Planck satellite outreach news 30 Aug 2009, 20:50 UTC As of 12:49 GMT on 27th August the two-week First Light Survey reached its official end. This marks the start of the First All-Sky Survey, which will continue for around seven months. The results of the First Light Survey are currently being analysed, and if they prove to be of sufficient quality they will simply become the first two weeks of the all-sky survey.
The Martian Chronicles 30 Aug 2009, 20:42 UTC Apologies for the silence on the blog lately. I’ve been trying to get caught up with work since I got back from the north woods of Michigan last sunday. However, I thought I should take a minute and mention the forest fires in LA that are threatening JPL . People on the MER team have [...]
Space Fellowship 30 Aug 2009, 07:33 UTC PASADENA, Calif., (NASA) — Engineers for NASA’s Mars Reconnaissance Orbiter project have stepped up the communication rate being received from the orbiter as an early step in the process of determining why the spacecraft spontaneously rebooted its computer on Aug. 26. The latest reboot occurred at 5:42 a.m. Pacific Daylight Time (12:42 Universal Time) on [...]
Orbiting Frog 29 Aug 2009, 16:00 UTC @lookupastro is a simple Twitter bot that when tweeted with the name of an astronomical object, will reply with its RA and declination and a link to the LookUP page. Here's the lowdown on what it is and how to use it. Stuart Lowe (Astronomy Blog, The Jodcast) started something a little while ago called LookUP. This simple search box allows you to enter the name of almost any astronomical object and it returns RA/Dec coordinates along with a plethora of handy links. Go and try it out using the link.LookUP works by asking the right databases the right questions. If you ask for a planet, the LookUP will query one astronomy web service. If you ask for a comet, it may ask another. You can read more about this on the LookUP about page.
The Planetary Society Blog 29 Aug 2009, 11:29 UTC It appears Earth is down one spacecraft. According to numerous reports in Indian media, contact was lost with the lunar orbiter Chandrayaan-1 abruptly -- in the middle of a communications session with Earth -- at 1:30 Indian time on Friday (Thursday, August 27, at 20:00 UTC).
Cumbrian Sky 29 Aug 2009, 05:37 UTC Welcome to Carnival of Space #118, here at CUMBRIAN SKY! This is my first time hosting the Carnival, so a huge THANK YOU to Fraser, for letting me join the exclusive club of blogs lucky enough to have hosted what has to be the biggest and best weekly collection of space and astronomy writing on the net! If you’ve visited my blog before you’ll know all about it, and me, already. If this is your first visit then welcome to the online home of a self-confessed amateur astronomy nut, spaceflight enthusiast, astropoet and frustrated martian! I live in Kendal, beautiful and historic birthplace of the famous astronomer Sir Arthur Eddington. The astronomical society of Kendal – unsurprisingly named “The Eddington Astronomical Society”! – is currently holding a big exhibition of astronomy pictures, exhibits and attractions in our town’s fantastic museum, so if you’re in or coming to the area I hope you’ll call in and take a look at “Our Amazing Universe!”Ok, shameless plug over, let’s get on with this week’s Carnival! By the way, in the hope of prompting our favourite sleepy head space probe, the Mars Reconaissance Orbiter, to wake up – at the time of writing it’s ...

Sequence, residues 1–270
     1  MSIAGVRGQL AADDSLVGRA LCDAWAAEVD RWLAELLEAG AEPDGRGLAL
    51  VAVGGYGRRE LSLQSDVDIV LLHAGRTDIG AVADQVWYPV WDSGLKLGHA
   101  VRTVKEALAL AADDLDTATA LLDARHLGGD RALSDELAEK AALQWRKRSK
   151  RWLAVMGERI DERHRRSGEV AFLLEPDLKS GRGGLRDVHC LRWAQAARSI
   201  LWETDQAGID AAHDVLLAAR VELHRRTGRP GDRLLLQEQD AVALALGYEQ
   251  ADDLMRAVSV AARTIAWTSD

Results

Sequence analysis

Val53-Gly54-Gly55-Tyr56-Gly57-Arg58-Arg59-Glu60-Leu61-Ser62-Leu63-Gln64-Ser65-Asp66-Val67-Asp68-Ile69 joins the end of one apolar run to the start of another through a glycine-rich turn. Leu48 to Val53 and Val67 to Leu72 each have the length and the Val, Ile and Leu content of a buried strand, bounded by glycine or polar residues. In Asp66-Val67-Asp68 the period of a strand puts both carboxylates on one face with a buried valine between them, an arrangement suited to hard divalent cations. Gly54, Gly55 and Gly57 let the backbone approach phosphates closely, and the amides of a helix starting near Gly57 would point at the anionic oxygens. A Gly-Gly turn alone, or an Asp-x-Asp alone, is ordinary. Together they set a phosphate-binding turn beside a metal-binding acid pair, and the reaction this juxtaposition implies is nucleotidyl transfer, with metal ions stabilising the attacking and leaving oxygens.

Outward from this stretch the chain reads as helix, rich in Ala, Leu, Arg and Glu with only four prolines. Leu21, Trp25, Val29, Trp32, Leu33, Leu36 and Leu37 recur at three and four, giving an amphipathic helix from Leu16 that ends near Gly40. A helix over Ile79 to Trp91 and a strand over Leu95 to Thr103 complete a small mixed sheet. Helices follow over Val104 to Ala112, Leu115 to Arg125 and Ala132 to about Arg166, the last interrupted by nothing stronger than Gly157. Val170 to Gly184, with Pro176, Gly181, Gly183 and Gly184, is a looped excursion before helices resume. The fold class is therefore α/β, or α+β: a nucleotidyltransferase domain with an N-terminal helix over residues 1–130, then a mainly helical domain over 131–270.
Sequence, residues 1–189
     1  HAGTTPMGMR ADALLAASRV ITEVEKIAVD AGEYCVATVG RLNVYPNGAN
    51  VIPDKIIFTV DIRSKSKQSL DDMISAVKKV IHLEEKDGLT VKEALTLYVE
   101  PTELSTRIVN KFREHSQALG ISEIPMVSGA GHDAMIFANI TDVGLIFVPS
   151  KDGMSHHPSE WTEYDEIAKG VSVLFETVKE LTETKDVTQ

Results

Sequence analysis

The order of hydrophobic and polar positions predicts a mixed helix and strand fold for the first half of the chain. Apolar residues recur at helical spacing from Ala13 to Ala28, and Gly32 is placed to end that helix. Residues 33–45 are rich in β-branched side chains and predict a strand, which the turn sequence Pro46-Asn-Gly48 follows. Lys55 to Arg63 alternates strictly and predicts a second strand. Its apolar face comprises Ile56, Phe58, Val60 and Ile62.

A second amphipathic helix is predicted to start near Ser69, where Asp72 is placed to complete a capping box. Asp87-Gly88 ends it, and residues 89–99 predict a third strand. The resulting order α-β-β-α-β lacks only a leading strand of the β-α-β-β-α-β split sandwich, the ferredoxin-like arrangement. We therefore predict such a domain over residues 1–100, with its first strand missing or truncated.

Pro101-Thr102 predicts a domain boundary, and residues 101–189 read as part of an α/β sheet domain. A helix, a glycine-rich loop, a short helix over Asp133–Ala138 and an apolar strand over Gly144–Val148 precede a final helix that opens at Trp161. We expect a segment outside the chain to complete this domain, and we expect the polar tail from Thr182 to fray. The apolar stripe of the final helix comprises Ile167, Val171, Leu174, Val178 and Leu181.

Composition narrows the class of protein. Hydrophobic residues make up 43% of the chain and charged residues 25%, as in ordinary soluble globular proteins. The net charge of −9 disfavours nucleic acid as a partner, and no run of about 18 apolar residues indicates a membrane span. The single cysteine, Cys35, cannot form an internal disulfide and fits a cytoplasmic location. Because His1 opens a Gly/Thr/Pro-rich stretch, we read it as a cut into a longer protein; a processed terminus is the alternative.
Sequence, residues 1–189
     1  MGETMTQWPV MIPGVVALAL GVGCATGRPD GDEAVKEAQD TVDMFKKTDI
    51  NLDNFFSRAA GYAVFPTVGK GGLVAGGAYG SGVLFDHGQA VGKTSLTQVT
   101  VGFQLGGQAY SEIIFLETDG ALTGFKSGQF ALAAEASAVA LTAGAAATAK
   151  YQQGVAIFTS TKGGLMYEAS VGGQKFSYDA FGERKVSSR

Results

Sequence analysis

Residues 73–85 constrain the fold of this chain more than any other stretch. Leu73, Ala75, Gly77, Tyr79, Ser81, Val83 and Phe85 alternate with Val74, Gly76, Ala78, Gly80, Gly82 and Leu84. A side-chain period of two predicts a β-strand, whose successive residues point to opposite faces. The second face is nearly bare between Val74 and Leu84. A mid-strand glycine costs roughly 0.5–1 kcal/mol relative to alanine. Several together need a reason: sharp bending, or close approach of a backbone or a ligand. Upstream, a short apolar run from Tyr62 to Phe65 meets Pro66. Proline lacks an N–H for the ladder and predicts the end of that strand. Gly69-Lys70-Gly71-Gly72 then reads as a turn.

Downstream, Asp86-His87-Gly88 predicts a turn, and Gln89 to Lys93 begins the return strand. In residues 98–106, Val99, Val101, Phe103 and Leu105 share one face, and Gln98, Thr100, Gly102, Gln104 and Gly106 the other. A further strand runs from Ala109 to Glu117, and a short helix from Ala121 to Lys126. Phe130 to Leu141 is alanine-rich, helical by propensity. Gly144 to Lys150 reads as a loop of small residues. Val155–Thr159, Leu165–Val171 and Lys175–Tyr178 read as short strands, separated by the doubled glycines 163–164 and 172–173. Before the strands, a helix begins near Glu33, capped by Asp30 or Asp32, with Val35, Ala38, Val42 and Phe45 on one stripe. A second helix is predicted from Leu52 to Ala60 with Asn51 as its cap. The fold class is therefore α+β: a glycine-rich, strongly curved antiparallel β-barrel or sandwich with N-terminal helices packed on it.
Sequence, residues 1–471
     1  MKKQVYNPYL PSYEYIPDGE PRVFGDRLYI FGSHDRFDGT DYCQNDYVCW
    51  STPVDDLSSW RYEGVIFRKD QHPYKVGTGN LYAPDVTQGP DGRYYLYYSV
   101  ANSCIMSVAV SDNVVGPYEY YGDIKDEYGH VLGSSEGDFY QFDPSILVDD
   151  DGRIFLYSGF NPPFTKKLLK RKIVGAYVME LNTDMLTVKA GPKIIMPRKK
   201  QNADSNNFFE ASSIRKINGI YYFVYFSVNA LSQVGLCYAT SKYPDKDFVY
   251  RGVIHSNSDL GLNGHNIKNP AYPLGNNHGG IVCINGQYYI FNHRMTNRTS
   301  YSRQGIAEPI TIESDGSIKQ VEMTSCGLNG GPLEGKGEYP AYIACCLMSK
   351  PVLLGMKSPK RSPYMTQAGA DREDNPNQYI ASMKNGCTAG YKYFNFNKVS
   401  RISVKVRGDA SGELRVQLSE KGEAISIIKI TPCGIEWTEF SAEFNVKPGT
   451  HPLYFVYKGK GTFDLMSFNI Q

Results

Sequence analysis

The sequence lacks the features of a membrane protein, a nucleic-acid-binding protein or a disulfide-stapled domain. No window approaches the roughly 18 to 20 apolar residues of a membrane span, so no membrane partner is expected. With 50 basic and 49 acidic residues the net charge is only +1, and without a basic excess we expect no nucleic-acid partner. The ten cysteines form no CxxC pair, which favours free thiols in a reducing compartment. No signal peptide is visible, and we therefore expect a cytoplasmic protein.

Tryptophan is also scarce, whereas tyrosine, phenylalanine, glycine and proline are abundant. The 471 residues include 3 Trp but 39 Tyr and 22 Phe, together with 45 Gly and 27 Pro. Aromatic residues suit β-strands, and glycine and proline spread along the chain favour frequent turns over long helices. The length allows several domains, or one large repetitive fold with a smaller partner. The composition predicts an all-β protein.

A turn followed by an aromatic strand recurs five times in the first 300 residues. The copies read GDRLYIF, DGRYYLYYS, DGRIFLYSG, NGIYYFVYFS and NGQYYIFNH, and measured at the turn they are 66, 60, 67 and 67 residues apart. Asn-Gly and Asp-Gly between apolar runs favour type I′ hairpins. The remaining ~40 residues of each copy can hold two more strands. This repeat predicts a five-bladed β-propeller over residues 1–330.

Kentucky Space 28 Aug 2009, 14:59 UTC Though the Apollo landing sites have garnered the most attention, there are plenty of other images coming from LRO of interest as well. At the Planetary Society, Emily Lakdawalla describes the image on the left, an unusual feature not typically associated with the Moon. Wayneimage credit: NASA/GSFC/Arizona State University
IYA2009 Features 28 Aug 2009, 10:27 UTC Preparations are well underway for the new IYA2009 Cornerstone project, Galilean Nights. Taking place between 22-24 October 2009, this initiative will see thousands of people around the world engaging in practical astronomy activities, bringing the wonders of the Universe to the public. Register your event now, at the official website, www.galileannights.org. The Galilean Nights team have been working hard to ensure that the project is ready on time. The website will act as a central hub, and is launched today. The site contains contain useful information, ranging from tips on how to run an event to the basics of stargazing. More information and resources will be added over the coming weeks. Perhaps the most important aspect of the website is the ability for event organisers to register their activities, ensuring that as many people as possible can search for details, find events local to them, and participate. Astronomy societies, amateur astronomers, and indeed all interested parties are encouraged to begin planning events now, so that they can be registered as early as possible. Activities will focus on public star parties, allowing individuals to observe the same celestial objects as Galileo did 400 years ago. These include gas giant Jupiter, mysterious ...
Weirdwarp 28 Aug 2009, 10:06 UTC I was getting confused about fusion and fission the other day. Is there a difference? Yes, there is looking at fission it’s like the difference between chalk and cheese, one is nice and cuddly the other is prickly and unfriendly.Fission is the unfriendly one and is the one used in nuclear power stop.The other [...]